Building craftsmen using brick or stone. The professional mason in Israel first appears in the Bible in David's time, though the craft was very ancient and highly developed in Egypt by that time. The Bible suggests that no Israelites were skilled in the art of quarrying, squaring, and setting fine building stones in David's time. David relied upon the king of Tyre for craftsmen (2 Samuel 5:11-12;
1 Chronicles 22:2-4,1 Chronicles 22:14-18). Under the reign of Solomon, Israelites may have begun to develop this craft (1 Kings 5:18). As professional craftsmen, stone masons were probably members of a guild or trade association such as other tradesmen. Such associations were primarily social organizations, though in later times they could be a political force of concern to rulers (Acts 19:23-41). It was also common for members of the same trade to live and working in one location within the larger towns and cities (2 Kings 18:17;
1 Chronicles 4:14;
Dressed or ashlar masonry was not ordinarily used in private dwellings. The average man built his own home of sun dried brick on a foundation of field stones. Biblical references to masons thus involve public works (2 Kings 12:11-15;
2 Kings 22:3-8;
Limestone was a primary building stone in the hill country. It was easily cut, and it hardened when exposed to the air. To cut the stone loose from its bed, wooden wedges were driven into triangular slots cut along the line of the split. These wedges were soaked with water. As the wedges expanded, the force split the stone from the bed.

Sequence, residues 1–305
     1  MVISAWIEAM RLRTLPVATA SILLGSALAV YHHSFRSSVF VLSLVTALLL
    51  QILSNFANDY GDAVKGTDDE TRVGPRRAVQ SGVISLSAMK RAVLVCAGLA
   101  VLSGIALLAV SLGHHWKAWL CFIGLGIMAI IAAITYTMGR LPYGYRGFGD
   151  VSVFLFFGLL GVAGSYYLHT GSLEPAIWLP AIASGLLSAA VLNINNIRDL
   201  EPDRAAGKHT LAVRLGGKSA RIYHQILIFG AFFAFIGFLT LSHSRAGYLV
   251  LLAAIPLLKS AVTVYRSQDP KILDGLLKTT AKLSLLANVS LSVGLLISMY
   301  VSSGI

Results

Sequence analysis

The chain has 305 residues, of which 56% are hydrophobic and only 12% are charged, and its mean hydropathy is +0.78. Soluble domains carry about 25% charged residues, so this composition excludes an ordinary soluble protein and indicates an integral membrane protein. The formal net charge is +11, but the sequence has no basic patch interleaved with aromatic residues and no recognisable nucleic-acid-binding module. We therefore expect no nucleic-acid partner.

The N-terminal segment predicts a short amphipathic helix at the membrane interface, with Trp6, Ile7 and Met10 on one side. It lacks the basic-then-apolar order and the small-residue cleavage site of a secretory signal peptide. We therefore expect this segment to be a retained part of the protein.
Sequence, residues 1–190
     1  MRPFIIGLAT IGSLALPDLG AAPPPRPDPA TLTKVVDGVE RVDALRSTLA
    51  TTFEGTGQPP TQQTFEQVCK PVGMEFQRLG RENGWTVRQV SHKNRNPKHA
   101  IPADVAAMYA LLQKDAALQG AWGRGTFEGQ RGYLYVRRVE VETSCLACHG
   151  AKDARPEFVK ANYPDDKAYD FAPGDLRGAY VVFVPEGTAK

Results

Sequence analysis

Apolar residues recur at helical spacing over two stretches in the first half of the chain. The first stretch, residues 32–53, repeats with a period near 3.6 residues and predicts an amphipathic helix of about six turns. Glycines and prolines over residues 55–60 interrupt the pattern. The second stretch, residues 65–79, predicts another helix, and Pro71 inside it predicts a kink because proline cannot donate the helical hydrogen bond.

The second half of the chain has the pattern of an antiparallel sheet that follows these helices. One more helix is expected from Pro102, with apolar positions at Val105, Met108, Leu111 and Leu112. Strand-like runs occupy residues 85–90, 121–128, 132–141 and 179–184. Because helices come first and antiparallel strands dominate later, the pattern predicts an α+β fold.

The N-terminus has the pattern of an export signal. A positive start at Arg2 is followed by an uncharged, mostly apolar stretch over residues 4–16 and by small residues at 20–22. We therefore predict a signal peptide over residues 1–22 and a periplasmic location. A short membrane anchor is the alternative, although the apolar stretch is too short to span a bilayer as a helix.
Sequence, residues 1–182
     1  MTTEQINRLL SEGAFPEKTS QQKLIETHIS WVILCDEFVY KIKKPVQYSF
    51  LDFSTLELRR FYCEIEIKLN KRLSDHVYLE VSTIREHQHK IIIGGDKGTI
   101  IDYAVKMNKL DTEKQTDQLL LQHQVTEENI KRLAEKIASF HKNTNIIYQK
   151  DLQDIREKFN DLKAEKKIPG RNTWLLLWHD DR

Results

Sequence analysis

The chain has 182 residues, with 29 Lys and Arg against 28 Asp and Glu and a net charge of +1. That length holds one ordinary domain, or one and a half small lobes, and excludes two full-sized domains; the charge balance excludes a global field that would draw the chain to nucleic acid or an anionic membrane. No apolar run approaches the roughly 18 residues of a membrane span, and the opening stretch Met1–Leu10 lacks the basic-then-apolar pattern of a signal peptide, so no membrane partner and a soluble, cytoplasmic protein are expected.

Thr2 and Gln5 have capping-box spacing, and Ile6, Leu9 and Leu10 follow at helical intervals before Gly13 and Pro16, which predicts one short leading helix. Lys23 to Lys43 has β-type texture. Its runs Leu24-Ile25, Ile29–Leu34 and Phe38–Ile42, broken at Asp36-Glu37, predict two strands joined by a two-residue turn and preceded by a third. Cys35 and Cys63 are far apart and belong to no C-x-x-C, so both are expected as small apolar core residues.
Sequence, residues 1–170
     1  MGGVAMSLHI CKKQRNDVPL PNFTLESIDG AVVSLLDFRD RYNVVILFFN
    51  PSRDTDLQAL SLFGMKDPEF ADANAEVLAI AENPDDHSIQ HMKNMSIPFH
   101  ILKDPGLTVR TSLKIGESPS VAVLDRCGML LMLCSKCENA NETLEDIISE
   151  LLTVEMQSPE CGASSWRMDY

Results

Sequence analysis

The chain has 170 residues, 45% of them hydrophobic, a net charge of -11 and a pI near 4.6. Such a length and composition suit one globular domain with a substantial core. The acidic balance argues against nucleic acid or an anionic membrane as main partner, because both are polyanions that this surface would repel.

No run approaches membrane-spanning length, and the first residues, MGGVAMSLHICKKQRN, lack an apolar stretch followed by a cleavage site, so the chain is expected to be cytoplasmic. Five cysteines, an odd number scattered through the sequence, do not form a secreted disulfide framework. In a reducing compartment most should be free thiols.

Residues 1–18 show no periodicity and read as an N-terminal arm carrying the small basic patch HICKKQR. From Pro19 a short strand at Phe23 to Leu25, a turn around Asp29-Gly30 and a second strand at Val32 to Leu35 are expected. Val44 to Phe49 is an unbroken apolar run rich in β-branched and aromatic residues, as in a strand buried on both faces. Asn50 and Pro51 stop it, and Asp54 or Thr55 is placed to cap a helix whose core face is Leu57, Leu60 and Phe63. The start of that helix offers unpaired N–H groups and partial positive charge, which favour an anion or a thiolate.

Hammers, punches, and chisels were used to batter and dress the stone followed by rubbing with fine standstone rubbing stones. Blocks could be squared and polished so finely that a blade could not be inserted between the joints.
Masons, under Herod's employ, cut massive limestone blocks as much as 46 feet long, 10 feet thick, and 10 feet high from quarries half a mile from where they were placed in the pediment of the Temple mount. Some of these stones are estimated to weigh as much as 415 tons. They can be seen today in the southwest corner of the Wailing Wall. See Architecture; Arts and Crafts; Building Materials; Guilds; Occupations.